2 separate wildfires ignited, contained

Posted: Thursday, May 28, 2009

Two separate wildland fires were accidentally started Tuesday on the Kenai Peninsula, but both were quickly contained.

"The call came in at 6:26 p.m.," said Gordon Orth assistant fire chief at Central Emergency Services in Soldotna, in regard to a fire on Dow Island in the Kenai Keys area.

"Two structures were threatened and residents were helping contain the fire with portable pumps they had dropped in the river. They did a good job," Orth said.

The residents' efforts were not enough by themselves though, and CES and Alaska Division of Forestry personnel responded.

"We had Engine 5 from Funny River, two brush units, a tanker, a medic and a command unit," Orth said.

Sharon Roesch, fire prevention officer with state Forestry, said they responded with four units, as well. A Forestry helicopter also was overhead, but was not needed as the fire was quickly brought under control within an hour by the combined efforts of the 16 responders from the two agencies.

"There was no structural damage, just a half acre of vegetation burned, after a spark from a welder started the fire," she said.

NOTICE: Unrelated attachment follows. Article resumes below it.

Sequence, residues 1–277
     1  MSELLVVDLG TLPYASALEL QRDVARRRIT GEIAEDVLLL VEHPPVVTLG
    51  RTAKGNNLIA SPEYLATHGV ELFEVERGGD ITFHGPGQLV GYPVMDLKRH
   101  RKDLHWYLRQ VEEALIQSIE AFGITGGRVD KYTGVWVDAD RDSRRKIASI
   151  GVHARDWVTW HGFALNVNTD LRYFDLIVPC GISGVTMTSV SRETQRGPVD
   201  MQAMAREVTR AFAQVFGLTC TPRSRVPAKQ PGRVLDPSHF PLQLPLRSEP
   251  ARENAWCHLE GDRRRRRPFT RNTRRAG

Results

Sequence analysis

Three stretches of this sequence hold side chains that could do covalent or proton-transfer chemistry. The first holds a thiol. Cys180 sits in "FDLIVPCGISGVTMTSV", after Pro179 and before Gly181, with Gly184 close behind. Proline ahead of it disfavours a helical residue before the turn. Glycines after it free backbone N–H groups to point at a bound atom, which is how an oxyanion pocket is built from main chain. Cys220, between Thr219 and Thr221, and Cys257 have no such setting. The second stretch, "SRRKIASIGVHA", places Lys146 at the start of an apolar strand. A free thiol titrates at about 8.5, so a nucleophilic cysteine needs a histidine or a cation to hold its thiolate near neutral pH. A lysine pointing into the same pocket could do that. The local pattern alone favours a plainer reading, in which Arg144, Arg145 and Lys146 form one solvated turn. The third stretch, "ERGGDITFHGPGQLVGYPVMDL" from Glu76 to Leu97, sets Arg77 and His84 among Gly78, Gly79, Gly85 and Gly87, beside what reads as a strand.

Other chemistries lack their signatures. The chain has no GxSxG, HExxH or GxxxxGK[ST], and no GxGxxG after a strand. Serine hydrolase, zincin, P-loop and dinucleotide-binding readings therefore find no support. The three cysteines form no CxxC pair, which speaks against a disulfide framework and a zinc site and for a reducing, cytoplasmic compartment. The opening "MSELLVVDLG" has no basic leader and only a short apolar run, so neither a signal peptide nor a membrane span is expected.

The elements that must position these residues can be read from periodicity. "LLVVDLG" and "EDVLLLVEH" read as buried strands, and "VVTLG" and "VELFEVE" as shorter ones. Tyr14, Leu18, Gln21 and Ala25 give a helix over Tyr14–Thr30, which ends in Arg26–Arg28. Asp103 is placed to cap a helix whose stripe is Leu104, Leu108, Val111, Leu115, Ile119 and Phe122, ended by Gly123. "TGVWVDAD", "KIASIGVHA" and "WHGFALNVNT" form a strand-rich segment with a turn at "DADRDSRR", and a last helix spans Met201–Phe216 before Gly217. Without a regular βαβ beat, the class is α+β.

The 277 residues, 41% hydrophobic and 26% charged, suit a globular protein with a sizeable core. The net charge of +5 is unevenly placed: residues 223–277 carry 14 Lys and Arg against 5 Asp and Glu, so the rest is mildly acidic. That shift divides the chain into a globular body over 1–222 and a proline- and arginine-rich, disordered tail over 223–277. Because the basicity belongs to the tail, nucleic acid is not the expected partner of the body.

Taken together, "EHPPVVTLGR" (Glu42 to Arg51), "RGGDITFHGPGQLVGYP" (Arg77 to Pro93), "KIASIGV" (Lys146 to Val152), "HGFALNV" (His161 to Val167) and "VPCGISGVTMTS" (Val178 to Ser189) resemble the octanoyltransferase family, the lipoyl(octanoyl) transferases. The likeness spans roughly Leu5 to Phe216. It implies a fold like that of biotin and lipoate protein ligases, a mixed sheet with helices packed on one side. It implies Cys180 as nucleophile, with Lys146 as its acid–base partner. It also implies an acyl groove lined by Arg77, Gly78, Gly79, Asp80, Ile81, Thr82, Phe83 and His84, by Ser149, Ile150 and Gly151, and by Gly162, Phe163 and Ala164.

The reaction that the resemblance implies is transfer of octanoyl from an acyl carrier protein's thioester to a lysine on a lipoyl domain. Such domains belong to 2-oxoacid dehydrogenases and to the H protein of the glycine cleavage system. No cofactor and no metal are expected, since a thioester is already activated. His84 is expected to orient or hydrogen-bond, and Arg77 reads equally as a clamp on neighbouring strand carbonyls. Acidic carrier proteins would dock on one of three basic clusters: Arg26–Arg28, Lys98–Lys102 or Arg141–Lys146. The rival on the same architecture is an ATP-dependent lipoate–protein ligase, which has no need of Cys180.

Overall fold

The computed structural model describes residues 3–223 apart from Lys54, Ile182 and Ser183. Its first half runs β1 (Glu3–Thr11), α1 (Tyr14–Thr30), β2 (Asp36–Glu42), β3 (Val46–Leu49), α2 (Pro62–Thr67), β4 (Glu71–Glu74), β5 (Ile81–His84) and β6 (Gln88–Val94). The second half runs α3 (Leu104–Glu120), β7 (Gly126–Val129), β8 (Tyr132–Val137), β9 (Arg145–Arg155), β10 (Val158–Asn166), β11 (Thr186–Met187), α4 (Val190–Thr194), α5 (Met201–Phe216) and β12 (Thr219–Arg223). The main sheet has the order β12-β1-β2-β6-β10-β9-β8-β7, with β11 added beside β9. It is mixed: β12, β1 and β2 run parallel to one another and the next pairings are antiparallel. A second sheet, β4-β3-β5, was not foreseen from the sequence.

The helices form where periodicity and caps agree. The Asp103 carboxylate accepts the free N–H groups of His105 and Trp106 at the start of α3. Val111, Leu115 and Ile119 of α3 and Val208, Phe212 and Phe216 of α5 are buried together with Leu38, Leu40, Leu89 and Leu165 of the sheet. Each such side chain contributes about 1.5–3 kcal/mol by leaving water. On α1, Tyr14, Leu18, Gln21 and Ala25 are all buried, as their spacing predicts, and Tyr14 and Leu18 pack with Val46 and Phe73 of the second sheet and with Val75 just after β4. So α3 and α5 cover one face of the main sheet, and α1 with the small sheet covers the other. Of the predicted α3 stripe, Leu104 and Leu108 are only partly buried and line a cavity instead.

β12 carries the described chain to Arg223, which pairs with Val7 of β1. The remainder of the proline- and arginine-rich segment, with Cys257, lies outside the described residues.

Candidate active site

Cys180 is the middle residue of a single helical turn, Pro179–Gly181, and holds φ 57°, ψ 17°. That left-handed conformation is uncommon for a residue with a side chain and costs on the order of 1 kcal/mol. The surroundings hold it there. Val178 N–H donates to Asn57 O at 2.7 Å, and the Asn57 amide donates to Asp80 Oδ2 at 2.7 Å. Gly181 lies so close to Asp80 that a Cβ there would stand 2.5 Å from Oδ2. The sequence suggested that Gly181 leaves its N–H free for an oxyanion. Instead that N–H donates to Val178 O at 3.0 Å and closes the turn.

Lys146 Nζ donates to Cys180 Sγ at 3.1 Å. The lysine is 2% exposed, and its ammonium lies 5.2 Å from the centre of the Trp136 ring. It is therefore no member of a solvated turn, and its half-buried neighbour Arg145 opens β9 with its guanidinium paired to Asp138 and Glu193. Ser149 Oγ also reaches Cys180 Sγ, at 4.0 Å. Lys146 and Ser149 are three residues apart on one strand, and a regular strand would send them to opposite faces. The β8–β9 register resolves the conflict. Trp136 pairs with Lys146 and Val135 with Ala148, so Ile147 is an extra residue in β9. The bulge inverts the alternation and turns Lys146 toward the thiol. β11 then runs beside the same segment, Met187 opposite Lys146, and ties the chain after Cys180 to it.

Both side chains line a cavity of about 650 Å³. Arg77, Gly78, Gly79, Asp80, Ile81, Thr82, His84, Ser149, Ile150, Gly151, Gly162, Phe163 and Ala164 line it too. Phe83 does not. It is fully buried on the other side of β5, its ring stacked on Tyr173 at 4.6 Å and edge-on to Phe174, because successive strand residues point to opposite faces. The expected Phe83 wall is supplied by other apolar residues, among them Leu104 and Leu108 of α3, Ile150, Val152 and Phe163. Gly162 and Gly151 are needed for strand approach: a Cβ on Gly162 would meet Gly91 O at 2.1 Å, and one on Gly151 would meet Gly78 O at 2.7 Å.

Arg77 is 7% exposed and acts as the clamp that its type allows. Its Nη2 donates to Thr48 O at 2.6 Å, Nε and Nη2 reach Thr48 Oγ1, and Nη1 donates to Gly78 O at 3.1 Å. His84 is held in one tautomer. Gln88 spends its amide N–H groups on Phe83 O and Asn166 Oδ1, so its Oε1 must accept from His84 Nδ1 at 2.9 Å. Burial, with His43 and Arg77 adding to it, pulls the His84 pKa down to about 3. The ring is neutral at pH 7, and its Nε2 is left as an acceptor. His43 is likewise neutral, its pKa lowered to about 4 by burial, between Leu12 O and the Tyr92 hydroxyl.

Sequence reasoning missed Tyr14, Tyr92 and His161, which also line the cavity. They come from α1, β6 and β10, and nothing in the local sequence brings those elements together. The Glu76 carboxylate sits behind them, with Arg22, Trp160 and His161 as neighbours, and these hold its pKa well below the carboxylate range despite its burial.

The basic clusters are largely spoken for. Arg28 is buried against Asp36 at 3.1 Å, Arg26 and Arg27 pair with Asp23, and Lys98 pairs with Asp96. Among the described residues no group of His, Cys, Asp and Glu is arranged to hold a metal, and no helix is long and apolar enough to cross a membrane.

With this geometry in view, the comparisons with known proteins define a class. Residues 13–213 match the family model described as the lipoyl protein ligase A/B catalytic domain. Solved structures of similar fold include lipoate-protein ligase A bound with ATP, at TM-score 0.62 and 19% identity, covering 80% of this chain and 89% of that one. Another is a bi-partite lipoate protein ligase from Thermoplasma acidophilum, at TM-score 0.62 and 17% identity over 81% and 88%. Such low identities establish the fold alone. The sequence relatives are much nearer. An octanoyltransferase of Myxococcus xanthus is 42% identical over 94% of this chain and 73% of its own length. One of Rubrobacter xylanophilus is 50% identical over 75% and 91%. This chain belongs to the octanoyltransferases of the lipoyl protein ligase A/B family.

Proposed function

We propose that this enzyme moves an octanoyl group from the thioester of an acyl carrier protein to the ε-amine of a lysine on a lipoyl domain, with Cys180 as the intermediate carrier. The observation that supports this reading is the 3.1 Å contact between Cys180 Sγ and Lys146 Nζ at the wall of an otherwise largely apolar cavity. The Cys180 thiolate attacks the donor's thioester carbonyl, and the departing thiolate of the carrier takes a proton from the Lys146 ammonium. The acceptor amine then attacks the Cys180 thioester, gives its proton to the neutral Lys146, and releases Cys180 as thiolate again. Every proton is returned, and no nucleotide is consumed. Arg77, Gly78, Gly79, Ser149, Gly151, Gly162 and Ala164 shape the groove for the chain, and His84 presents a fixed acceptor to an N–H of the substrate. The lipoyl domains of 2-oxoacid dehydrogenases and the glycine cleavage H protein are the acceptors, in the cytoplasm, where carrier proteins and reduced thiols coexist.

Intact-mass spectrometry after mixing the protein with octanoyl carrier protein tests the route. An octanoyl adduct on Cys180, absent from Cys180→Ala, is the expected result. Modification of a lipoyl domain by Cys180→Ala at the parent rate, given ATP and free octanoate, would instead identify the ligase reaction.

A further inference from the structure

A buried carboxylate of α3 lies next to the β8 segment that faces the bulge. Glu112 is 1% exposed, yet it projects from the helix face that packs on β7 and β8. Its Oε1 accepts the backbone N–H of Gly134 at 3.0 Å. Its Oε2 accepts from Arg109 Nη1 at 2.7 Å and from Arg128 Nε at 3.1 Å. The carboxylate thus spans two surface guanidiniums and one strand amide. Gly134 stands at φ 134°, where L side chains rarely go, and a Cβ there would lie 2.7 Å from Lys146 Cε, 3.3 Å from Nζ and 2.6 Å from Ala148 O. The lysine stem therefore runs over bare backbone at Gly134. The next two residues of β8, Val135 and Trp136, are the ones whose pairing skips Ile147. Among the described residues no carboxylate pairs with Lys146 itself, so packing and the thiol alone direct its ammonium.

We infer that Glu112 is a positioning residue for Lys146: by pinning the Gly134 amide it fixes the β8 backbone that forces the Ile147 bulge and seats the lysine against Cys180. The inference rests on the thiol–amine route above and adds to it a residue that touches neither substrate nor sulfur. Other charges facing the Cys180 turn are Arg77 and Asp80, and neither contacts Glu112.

The second fire, which began on Hubbard Lane off East End Road in Homer, also began as a result of a stray spark, according to Roesch.

"A chain saw spark landed in some punky wood and started a small fire, less than one-tenth of an acre. The land owners worked hard to contain it," she said.

Roesch said people need to be conscious of the vegetation around them, particularly at this time of year when so much is brown and dry. She said even when attempting to make things "lean, clean and green," people should still take precautions for the worst.

"People doing this type of work aren't expecting a fire, so they may not have water readily available and on site, but one spark is all it takes. It was a spark from a grinder that started the Caribou Hills fire of '07," she said.

The Caribou Hills fire burned more than 55,000 acres of wilderness in 2007, and devoured nearly 200 known structures, including cabins and outbuildings. Although, the exact number of buildings destroyed may never be known as the Caribou Hills area is a popular destination for snowmachine enthusiasts who, over the years, have built many small overnight cabins without permits or other documentation.

Joseph Robertia can be reached at joseph.robertia@peninsulaclarion.com.

Subscribe to Peninsula Clarion

Trending this week:


© 2018. All Rights Reserved. | Contact Us